Multiple Choice Questions
1. A manufacturing company is considering purchasing a new machine that doubles capacity from 500 to 1,000 units per week. The machine will occupy approximately 500 square feet of vacant (unused) space on the factory floor. Which of the following costs are irrelevant in the decision to purchase this machine?
a) The additional cost of utilities necessary to run the machine.
b) Monthly rental expense associated with the 10,000 square foot factory.
c) Additional machinists who will need to be hired to run the machine.
d) Maintenance costs for regular repair and cleaning of the machine.
2. A company manufactures both pens and pencils in the same facility. The firm’s production capacity is shared between these two products. Due to a federal ruling requiring all elementary school students to use only pencils, the overall demand for pencils has shifted outward. Surprisingly, this has had no effect on pen demand. The firm will find in the short term that:
a) the cost of producing pencils rises.
b) the cost of producing pens falls.
c) pencils are more profitable than pens.
d) the cost of producing pens rises.
3. In comparing a firm’s accounting costs with its economic costs, the accounting costs:
a) are the same, if the firm is earning a normal rate of return.
b) are larger.
c) take account of the implicit cost of owned resources.
d) are smaller.
4. The average capital invested in Firm X during the year is $20,000. During that same year, Firm X produces after-tax income of $3,200. If the firm’s cost of capital is 12%, what is the economic profit?
a) $0 b) $800 c) $1,200 d) $3,200
5. Which of the following costs always must be considered relevant in decision-making?
a) Variable costs b) Avoidable costs c) Fixed costs d) Sunk costs
Short Answer Questions
Production Opportunity Cost
A can manufacturing company produces and sells three different types of cans: versions X, Y, and Z. A high-level, simplified profit/loss statement for the company is provided here. Corporate overhead (rent, general and administrative expense, etc.) is allocated equally among the three product versions. After reviewing the statement, company managers are concerned about the loss on Version Z and are considering ceasing production of that version. Should they do so? Why or why not?
If one has a strict interpretation of “sunk costs”, then they should not pull the plug on producing can Z. This is because: Although the line of cans is losing money ($37,500 in the black), if one factors in the fixed overhead costs of $60,000, the can is actually profitable. Thus, since a producer should not take into account fixed costs, the production of can Z should continue.
Opportunity Cost of Renting
You currently pay $10,000 per year in rent to a landlord for a $100,000 house, which you are considering purchasing. You can qualify for a loan of $80,000 at 9% if you put $20,000 down on the house. To raise money for the down payment you would have to liquidate stock earning a 15% return. Neglect other concerns, like closing costs, capital gains, and tax consequences of owning, and determine whether it is better to rent or own.
There are two scenarios presented in this question: an individual who rents a house versus an individual who purchases a house.
- $10,000 annually spent in rent
- $80,000 loan at 9% if $20,000 is put down
- In order to do this one would have to liquidate a stock currently earning 15%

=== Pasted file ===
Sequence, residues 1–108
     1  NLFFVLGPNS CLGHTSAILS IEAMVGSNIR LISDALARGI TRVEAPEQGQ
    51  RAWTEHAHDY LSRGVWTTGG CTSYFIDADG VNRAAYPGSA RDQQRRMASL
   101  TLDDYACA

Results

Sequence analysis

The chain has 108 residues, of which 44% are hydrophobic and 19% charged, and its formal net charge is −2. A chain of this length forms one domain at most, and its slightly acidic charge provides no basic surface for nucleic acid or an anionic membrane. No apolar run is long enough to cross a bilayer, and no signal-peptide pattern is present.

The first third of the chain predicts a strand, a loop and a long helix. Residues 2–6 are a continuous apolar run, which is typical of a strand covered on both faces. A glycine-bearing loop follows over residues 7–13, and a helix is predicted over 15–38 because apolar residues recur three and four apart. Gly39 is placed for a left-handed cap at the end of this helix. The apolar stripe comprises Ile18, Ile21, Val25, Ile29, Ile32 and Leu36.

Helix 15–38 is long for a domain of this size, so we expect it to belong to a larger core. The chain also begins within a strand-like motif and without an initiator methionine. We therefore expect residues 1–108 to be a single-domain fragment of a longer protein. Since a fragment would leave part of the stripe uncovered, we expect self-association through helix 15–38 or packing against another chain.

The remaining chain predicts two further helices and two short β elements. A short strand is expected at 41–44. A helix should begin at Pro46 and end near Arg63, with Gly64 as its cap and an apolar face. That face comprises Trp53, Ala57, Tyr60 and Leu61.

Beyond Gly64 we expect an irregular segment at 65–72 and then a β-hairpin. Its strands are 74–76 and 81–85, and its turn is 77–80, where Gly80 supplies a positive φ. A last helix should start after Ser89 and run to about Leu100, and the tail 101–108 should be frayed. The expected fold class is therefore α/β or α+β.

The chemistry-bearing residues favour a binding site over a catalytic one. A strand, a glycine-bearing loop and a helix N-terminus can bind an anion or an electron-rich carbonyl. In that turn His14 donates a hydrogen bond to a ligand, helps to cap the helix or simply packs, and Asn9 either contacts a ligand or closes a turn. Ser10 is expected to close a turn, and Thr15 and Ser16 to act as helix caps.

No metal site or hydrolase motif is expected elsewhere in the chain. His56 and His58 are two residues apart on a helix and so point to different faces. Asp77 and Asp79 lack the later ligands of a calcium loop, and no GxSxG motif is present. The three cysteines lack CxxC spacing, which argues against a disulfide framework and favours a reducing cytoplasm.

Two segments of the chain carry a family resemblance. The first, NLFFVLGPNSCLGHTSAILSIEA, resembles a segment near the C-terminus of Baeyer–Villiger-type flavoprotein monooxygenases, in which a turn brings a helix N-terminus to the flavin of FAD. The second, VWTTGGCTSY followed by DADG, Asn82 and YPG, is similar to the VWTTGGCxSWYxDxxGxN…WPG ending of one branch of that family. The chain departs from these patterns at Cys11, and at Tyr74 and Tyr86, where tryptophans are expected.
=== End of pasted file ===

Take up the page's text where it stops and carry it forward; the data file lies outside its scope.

This problem turns on the opportunity cost lost in renting the property versus the opportunity cost lost in selling the stock in order to pay for the property: A decision to continue renting would allow one to keep the 15% returns on the stock (although this return cannot be extrapolated infinitely into the future) but without owning the property versus the upside of owning the house (and potential gains) versus the near-term loss of the stock and paying an additional 9% on the capital needed for the loan.
While this is a difficult decision, it would depend on your preferences to get into the property market versus continued capital gains on stock- traditionally, except for the time period since 2007 the housing market has seen decent appreciation. In addition, I do not expect the 15% return on the stock would last forever; thus, I would likely sell out to own the property and hope for an increase in the house’s value.
Opportunity Cost of Steel
Your firm usually uses about 200 to 300 tons of steel per year. Last year, you purchased 100 tons more steel than needed (at a price of $200 per ton). In the meantime, the price of steel jumped to $250 per ton delivered (which means that any firm selling the steel must pay any shipping costs), and the price has since stabilized at that price. The cost of shipping steel to the nearest buyer would be $20 per ton. In the meantime, a business next door just went bankrupt and the bank is offering a special deal where you can buy another 100 tons of steel for $180 per ton. Assume that the interest rate is 0%. Which of the following are correct?
a. Sell your 100 tons at the going market price of $250 and make a profit of $30 per ton ($50 less $20 cost of shipping).
b. Buy the 100 tons next door at $180 and resell at a price of $250 less $20 shipping, for a net profit of $50 per ton.
c. Hold onto your 100 tons and wait until it is needed for production.
d. Buy the 100 tons next door at $180 and hold onto it until it is needed in production.
Annual use: 200-300 tons: Additional 100 tons at $200 per ton $250- $220 per ton.
Answer B is correct.
The expression “3/10, net 45” means that the customers receive a 3 percent discount if they pay within 10 days; otherwise, they must pay in full within 45 days. What would the seller’s cost of capital have to be in order for the discount to be cost justified?
In order for the discount to be cost justified, the firm’s cost of capital would need to be less than the lost opportunity cost of the discount (3%).